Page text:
Thursday, August 16, 2007

Cardinal Glennon and a Quick Word

Cardinal Glennon Children's Medical Center kicks ass. That's about the best way I can think of to describe this place. Unique. That's another word. From the moment we arrived, until now as our stay here is winding down to the last day or three, the people here have been exceptional. All I can think of is that they are very strict in who they hire.

Since I've worked in healthcare, I've never really been a huge fan of coming to pediatric hospitals, simply because occasionally my tunnel vision can break and I will occasionally accidentally look around me and see a kid... well.... in Andy's shape. It has always scared me, hoping to God that it wasn't my kid.

But this perspective has changed. I've always known that these kids were being helped, but I don't know, it's just different now. I can't say I'm glad that it's my baby there in the bed hooked up to tubes and wires, but I'm certainly glad that he's here of all places. Now that I see it from a different perspective, I see all of the good that's happening around here.

Everyone from RNs to lab techs to cleaning staff to oncologists and even surgeons have been great. If you've ever been hospitalized you know that you are treated with compassion, but in the end your are just a patient. Especially to the surgeons of all people. This is far from the case here at Glennon. He is treated by everyone as if he is their own child. Everyone is like this, including the staff at the Bob Costas Center, the MRI techs, nurses, and doctors, the 4th floor nurses and staff, the surgery team, and the PICU nurses. Yeah, everyone.

No offense to any surgeons who may be reading this, but surgeons are generally fairly cold people. Sure they're compassionate to a degree, but I think they tend to see us as a collection of working parts that constitutes a whole patient, rather than a living, breathing human. At least this has been my experience. Not so here at Glennon. His surgeon, along with all of the surgery team who has seen him from time to time, have been excellent. His surgeon even led a prayer with us before surgery. Needless to say, Julie and I were stunned.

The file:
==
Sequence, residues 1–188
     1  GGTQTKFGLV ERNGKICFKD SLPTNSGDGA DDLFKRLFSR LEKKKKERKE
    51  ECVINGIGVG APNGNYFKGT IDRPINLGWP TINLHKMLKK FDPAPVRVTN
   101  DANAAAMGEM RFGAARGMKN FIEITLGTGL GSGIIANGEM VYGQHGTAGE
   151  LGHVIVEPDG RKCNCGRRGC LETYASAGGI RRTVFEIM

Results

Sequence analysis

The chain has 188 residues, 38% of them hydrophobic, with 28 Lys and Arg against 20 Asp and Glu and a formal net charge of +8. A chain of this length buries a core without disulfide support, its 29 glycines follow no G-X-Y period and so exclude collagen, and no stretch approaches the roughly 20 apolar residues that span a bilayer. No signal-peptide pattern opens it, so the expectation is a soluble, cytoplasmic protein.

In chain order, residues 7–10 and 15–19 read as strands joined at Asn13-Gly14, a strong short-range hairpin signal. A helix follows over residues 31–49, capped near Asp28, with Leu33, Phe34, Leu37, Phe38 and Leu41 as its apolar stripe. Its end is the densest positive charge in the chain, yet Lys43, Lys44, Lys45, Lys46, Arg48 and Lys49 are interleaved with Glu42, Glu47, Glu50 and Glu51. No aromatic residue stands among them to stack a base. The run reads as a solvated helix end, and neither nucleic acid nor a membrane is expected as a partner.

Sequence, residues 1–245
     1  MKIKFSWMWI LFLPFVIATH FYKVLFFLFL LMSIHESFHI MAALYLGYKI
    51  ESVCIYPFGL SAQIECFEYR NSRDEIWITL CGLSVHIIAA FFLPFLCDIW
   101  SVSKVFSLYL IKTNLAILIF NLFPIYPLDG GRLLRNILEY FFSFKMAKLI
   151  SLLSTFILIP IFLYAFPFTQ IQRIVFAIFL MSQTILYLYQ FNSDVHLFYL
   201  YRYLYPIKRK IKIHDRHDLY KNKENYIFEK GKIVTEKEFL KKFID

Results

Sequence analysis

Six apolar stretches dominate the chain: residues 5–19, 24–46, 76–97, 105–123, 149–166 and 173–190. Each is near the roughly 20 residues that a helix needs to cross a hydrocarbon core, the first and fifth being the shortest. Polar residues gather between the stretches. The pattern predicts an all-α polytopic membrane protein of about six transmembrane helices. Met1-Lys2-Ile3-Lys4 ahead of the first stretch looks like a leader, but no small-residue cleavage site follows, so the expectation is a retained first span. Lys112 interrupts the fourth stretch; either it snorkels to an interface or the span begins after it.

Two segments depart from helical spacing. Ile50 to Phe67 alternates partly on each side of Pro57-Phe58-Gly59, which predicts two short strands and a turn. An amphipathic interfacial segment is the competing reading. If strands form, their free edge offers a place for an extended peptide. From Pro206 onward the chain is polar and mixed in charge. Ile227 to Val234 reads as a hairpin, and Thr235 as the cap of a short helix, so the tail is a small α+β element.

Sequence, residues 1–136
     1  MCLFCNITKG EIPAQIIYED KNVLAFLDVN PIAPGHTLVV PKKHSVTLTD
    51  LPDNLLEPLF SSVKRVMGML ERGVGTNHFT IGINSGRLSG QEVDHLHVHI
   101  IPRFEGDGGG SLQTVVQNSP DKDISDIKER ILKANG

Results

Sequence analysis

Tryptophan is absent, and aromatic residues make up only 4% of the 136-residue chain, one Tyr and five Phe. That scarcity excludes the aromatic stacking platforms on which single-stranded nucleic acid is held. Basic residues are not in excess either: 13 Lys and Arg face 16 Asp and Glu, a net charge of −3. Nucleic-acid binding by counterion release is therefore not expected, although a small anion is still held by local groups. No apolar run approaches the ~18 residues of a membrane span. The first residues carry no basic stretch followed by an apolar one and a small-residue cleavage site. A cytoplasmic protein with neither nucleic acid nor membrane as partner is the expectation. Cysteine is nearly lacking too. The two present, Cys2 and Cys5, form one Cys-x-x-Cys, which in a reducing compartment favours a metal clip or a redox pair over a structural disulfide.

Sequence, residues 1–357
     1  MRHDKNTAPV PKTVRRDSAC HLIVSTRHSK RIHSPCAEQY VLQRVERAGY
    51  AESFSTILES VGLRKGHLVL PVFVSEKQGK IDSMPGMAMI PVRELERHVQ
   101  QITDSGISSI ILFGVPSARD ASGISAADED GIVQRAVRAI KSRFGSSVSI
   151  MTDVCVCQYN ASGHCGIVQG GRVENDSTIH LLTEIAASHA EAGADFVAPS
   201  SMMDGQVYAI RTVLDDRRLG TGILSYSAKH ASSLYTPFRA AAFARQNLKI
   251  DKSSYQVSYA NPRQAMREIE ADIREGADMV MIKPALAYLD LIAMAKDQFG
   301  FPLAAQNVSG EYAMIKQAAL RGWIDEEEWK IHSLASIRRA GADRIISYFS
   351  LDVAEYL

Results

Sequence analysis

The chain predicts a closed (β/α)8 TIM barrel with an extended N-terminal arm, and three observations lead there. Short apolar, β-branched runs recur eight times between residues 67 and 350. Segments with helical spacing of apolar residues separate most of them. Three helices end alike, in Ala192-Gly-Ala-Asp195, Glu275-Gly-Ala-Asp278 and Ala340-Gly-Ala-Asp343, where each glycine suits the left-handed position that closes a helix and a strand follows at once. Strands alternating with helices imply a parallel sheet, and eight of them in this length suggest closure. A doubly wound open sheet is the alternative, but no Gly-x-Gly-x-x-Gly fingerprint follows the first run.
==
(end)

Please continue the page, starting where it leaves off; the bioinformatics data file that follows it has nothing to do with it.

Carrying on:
I'm not really sure what else to say about this place. You'd have to be a patient or a parent here to really understand just how unique and special this place is. Like I've said in the past, I now know that he is in the best possible place he can be. And I also keep saying that this entire experience has completely changed the way I look at my job, seeing as how I work in the healthcare sector. For the better of course.

Now a quick word about something completely unrelated. I'm getting e-mails saying "Hey, you need to copy-edit your posts!" Nah. That takes away the spirit of what I'm doing. I'm posting what pops into my head, and it's therapeutic for me. I don't care if it's misspelled or whatever else, I'm posting it. Remember, keeping you all informed is the secondary purpose of this blog, the primary purpose is for me to put down my thoughts, hence the stream-of-consciousness writing style.

Audiologists are here to give him a hearing test prior to chemo. Once this is finished, chemo will begin. Gotta go. I hope this post meant something to you and you remember it if you ever need to take your child or grandchild to a pediatric hospital in the St. Louis area.

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